Google expanded the digital world of cloud computing on Tuesday, announcing the rollout of "Google Drive."
The service, which will give users 5GB of free remote storage and additional space for a monthly fee, puts the Web giant in competition with Apple and Microsoft, as well as specialized services like Box and Dropbox, in a space that increasingly looks like the future of computing.
"This is really just the next step in the evolution of Google Cloud," Scott Johnston, group product manager for Google Drive, told CNN. "It's really letting people live more in the cloud by connecting them more easily with all the devices they have."
Google Cloud already lets users store e-mail and other documents. Cloud computing allows users to store documents and files, even large ones, on remote servers. Its promise is to make storage space on physical hard drives less important, as well as making it easier to seamlessly share, either with others or between multiple devices like laptops, phones and tablets.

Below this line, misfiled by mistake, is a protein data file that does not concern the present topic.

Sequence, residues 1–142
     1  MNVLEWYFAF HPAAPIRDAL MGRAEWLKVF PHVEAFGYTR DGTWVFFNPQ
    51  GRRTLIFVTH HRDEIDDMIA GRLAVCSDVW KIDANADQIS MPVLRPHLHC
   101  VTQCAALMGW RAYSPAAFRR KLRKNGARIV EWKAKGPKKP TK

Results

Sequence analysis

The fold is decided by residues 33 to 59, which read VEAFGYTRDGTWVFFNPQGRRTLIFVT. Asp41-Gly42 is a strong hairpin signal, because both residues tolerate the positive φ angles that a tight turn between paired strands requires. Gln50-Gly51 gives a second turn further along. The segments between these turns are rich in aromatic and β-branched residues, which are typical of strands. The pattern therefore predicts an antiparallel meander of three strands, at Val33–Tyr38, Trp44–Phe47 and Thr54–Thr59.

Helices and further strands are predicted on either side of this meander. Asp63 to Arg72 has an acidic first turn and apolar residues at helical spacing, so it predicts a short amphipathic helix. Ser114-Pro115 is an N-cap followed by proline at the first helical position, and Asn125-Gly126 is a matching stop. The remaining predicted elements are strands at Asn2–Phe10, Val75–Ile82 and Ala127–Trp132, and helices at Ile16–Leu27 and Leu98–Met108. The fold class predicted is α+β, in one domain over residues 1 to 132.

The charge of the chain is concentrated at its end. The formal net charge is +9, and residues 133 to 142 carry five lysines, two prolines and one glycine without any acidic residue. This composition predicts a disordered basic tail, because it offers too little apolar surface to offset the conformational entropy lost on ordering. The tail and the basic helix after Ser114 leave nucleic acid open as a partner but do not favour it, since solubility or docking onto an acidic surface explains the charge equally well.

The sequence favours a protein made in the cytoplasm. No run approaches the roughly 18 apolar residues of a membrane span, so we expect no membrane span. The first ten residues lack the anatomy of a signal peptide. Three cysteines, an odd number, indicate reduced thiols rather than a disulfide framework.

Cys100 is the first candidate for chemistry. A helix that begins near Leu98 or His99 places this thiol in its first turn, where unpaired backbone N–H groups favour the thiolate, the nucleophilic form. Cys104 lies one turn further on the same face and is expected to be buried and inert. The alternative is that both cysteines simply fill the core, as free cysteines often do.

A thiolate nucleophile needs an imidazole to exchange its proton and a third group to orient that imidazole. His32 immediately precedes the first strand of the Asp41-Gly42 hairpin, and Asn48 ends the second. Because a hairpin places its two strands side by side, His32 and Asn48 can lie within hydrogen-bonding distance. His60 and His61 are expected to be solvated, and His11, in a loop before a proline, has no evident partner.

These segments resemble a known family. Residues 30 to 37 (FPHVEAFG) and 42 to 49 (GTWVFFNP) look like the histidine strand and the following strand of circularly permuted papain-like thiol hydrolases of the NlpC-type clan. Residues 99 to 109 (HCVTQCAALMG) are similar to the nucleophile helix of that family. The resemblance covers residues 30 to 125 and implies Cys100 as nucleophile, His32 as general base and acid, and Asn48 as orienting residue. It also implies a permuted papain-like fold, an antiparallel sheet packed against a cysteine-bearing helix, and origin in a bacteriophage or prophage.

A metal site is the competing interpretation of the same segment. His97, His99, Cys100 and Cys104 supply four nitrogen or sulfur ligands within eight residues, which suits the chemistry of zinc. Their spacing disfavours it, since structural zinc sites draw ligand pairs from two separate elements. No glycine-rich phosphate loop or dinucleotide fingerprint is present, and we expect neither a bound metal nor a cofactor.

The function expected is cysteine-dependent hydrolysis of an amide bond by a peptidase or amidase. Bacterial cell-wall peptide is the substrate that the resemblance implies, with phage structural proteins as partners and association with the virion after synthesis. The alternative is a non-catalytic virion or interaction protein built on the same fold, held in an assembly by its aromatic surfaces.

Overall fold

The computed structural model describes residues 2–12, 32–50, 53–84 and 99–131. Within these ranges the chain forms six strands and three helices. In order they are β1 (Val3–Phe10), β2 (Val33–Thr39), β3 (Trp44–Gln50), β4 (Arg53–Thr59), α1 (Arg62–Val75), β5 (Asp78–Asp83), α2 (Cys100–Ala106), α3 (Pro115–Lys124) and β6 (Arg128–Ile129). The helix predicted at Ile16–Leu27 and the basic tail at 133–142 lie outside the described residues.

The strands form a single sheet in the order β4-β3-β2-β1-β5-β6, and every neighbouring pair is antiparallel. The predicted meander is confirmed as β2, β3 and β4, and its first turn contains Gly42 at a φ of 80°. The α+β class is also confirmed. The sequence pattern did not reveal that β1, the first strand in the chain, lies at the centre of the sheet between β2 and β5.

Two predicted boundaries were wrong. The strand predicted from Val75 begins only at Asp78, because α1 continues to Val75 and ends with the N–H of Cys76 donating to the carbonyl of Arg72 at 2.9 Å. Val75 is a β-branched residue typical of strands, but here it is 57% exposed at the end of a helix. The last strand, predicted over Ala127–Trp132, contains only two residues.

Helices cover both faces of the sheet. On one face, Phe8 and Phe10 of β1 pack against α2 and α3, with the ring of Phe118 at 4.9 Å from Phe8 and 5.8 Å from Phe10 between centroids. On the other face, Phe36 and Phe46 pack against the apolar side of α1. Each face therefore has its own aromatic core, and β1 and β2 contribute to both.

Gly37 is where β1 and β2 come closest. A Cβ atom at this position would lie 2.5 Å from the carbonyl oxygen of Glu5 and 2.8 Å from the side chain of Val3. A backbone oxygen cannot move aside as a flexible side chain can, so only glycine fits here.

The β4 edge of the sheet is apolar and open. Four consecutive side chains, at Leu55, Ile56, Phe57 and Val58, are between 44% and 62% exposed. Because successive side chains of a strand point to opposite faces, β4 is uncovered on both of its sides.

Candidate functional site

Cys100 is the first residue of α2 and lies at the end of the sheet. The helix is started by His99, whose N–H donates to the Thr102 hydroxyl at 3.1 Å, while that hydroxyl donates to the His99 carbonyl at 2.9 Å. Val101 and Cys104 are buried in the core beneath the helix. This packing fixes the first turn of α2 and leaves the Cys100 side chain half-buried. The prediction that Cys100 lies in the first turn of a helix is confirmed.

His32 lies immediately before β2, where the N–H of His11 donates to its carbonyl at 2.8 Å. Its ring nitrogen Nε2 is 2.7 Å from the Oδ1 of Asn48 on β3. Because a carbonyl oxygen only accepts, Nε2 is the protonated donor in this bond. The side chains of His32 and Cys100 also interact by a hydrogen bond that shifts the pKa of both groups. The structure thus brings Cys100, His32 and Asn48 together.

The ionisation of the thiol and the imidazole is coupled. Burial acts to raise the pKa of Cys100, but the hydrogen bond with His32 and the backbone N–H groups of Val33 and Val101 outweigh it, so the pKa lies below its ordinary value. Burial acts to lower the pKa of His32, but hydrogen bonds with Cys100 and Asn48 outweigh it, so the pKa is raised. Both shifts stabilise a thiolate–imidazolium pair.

"Google Drive is everywhere you are -- on the web, in your home, at the office and on the go," reads Google's promotional page for the service. "So wherever you are, your stuff is just ... there. Ready to go, ready to share."
Google Drive will launch with an Android app for smartphones and tablets running Google's mobile operating system and in conjunction with 20 third-party apps.